The only reason to rehydrate a reed before first use is to remove the factory chemical taste that it comes with naturally, and to inhibit the discomfort of a fresh, dry reed drawing all the moisture off your tongue and sticking to your tongue. "Sealing" the pores not only does nothing to prevent waterlogging, but it slows the process of the reed returning to a dry state again for storage and transport. The only purpose for taking paper or sandpaper to the vamp of your reed, is to remove splinters that might have remained from factory mishandling. Additionally, there is essentially no process that will extend the lifespan of a clarinet or saxophone reed: any chemicals applied to it to inhibit wood warping, splitting, chipping, and other upsets, is just another attempt to swindle the dedicated reedman out of their money, in the futile effort to preserve longevity in what is fundamentally an intentionally disposable component. The disposability of reeds is a virtue, not a disadvantage, in the long run: there is absolutely no way to disinfect a clarinet reed, that does not damage it and shorten its usable lifespan. Reeds spend a lot of time inside human mouths, so they get coated in some pretty foul microorganisms, given enough time. It is a stroke of luck that they tend to break or go bad on the performer, faster than they can properly start tasting and smelling horrible, or getting us sick. Reed prep that goes beyond removing splinters and factory taste, is complete superstitious nonsense, and any experienced reedman with a strong embouchure will usually find they reflexively compensate for individual idiosyncrasies from one reed to the next, without needing to think very hard about it. Coping with squirrelly reeds is the cost of entry.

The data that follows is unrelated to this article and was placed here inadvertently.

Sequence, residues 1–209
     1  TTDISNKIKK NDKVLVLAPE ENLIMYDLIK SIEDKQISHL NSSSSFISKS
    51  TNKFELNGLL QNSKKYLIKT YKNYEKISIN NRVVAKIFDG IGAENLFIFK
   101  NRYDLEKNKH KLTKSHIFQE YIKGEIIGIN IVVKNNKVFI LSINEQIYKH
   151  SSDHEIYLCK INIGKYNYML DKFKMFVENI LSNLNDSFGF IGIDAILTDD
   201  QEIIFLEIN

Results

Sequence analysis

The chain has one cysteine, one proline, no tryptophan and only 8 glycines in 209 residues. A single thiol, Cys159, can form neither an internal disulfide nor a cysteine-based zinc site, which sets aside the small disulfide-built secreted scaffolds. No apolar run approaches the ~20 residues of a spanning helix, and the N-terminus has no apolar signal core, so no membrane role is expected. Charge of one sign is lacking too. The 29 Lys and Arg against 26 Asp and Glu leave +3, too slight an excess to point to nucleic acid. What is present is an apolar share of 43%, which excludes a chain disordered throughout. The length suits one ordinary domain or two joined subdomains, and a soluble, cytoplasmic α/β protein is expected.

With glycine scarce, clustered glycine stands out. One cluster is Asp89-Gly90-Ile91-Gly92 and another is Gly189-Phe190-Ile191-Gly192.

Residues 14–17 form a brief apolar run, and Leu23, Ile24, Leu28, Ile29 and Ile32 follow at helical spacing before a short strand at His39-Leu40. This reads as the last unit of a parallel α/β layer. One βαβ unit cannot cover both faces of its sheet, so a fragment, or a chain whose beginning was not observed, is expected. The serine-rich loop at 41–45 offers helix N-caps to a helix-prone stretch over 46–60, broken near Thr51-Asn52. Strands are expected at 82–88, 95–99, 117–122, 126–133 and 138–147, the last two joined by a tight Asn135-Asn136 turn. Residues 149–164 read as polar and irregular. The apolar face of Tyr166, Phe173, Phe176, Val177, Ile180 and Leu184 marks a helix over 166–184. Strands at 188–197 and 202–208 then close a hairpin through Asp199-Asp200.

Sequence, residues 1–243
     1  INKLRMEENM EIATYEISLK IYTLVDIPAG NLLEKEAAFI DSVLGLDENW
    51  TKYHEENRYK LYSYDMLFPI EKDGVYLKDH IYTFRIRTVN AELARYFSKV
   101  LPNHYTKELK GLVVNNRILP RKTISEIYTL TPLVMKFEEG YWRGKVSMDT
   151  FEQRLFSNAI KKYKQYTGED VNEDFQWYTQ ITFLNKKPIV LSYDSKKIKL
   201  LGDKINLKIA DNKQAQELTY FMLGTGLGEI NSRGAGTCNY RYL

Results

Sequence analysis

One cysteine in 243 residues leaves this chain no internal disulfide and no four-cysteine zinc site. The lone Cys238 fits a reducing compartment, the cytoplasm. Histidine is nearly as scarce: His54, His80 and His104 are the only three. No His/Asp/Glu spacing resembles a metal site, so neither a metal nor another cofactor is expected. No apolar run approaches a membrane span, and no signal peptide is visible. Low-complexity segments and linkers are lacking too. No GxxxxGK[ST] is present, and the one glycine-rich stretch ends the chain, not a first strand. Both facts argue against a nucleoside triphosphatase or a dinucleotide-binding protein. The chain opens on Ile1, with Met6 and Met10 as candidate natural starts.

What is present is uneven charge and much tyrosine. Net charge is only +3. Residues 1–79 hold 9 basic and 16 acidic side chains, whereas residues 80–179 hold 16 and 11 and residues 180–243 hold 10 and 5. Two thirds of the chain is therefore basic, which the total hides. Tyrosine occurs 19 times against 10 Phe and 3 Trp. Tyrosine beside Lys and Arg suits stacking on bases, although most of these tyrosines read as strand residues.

The one and only significant task of reed maintenance which isn't largely superstition, is removing the "window bump" from a reed that has been in use for some time, and isn't ready to be pitched yet. Uneven water retention between the free-vibrating portion of the reed, and the vamp below the ligature, can cause a small spot of swollen wood to form, which forces the vibrating section farther from the mouthpiece window, disrupting airflow. This is easily removed with a flat metal file, and requires no additional action.